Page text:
Forum Posts

EarlsWorld Admin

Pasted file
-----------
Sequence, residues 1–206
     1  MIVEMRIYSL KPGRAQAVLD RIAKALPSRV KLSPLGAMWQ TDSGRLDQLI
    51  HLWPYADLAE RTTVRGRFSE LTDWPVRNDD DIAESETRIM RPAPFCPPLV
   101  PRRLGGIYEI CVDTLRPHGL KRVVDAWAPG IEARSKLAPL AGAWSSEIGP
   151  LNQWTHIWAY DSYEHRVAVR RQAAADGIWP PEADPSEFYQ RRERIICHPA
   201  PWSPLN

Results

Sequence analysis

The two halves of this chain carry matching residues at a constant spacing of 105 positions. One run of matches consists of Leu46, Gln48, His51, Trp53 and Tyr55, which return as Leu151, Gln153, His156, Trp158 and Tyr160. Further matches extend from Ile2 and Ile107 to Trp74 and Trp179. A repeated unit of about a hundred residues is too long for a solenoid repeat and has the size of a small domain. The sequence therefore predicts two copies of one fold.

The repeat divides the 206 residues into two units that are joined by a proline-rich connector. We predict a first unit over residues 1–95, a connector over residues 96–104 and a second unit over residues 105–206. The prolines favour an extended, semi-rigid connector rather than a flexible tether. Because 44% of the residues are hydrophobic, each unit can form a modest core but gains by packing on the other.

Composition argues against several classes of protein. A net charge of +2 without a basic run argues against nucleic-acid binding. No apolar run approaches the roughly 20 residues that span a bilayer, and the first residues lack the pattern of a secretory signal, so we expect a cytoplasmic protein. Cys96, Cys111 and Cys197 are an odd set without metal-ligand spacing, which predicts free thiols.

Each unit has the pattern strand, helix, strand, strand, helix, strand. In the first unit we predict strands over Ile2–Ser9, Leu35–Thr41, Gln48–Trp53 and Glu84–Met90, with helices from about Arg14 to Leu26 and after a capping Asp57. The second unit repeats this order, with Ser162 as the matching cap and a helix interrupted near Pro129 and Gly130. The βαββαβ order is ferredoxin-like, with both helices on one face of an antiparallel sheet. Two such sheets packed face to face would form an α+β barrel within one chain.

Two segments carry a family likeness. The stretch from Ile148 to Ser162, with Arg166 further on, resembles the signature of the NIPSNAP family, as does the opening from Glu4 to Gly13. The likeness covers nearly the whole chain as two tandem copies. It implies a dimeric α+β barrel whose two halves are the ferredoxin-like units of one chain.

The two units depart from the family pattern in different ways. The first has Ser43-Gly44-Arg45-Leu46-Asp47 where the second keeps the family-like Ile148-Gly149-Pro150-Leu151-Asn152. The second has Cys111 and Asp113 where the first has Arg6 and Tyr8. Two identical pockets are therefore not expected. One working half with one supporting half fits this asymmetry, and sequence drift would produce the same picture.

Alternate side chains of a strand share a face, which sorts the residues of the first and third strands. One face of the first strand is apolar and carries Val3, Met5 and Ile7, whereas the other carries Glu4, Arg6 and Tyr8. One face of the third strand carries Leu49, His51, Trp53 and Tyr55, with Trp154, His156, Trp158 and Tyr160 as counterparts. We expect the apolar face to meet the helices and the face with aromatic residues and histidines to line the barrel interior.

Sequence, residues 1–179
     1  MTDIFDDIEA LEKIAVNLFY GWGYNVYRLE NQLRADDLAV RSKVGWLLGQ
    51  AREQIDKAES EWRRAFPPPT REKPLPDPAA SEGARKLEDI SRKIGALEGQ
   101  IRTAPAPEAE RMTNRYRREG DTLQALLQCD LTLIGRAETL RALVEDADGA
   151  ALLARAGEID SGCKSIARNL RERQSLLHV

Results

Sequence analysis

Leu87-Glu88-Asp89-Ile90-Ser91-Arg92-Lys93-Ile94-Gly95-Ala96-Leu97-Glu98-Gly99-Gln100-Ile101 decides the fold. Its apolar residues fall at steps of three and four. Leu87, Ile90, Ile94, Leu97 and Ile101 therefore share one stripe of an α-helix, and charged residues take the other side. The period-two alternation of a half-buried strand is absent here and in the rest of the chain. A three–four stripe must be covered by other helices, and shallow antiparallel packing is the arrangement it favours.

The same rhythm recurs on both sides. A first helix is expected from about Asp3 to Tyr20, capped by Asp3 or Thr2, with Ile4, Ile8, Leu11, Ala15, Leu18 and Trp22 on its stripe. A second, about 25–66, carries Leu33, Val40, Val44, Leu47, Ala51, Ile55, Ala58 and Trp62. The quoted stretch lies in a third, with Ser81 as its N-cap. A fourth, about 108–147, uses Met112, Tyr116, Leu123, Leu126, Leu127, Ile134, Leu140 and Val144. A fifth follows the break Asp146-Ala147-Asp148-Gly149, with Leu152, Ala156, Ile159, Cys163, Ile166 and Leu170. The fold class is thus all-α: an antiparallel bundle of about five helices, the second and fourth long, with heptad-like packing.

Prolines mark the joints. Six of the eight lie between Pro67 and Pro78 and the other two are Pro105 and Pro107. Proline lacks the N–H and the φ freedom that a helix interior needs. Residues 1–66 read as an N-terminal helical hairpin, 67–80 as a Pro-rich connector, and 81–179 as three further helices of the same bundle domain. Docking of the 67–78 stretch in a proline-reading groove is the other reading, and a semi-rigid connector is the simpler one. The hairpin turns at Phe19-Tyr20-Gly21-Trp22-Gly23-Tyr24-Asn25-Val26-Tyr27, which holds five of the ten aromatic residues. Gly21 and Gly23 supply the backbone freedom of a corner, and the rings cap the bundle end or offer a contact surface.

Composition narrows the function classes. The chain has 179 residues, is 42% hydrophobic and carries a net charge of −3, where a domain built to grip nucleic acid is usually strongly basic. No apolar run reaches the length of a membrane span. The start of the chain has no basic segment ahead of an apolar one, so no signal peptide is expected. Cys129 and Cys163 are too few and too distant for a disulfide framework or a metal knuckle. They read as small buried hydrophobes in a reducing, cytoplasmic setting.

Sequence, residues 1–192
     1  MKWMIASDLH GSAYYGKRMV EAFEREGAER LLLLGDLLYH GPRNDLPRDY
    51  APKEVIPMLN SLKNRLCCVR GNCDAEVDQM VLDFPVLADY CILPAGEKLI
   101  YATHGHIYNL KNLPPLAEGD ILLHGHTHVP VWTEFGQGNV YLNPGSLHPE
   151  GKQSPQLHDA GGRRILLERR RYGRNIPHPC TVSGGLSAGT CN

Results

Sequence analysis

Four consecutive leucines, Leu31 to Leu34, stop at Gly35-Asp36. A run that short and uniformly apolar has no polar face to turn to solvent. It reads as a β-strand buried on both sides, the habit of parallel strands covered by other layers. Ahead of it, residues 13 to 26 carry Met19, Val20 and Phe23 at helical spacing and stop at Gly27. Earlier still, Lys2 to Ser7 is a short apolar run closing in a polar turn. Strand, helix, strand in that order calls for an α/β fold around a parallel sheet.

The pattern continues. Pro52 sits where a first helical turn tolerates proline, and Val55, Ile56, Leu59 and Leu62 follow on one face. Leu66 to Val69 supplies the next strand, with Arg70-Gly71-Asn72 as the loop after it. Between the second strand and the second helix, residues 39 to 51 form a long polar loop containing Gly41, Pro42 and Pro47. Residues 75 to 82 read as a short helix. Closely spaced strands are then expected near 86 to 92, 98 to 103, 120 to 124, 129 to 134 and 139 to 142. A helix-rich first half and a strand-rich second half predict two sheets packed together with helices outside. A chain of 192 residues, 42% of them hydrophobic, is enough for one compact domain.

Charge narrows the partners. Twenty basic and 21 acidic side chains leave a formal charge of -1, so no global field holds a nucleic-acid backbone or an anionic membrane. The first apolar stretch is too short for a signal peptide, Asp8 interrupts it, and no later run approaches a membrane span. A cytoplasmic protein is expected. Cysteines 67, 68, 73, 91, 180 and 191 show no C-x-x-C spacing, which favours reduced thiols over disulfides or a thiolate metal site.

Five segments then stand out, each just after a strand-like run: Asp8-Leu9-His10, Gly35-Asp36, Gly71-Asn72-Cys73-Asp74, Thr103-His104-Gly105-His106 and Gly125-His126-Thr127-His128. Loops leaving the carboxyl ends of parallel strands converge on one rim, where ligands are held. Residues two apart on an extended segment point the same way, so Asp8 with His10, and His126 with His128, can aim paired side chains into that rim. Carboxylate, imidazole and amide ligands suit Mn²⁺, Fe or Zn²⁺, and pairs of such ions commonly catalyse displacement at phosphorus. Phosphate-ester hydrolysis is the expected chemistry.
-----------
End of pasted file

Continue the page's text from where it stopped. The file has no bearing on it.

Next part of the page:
Jan 27, 2018
In Collecting On The Go!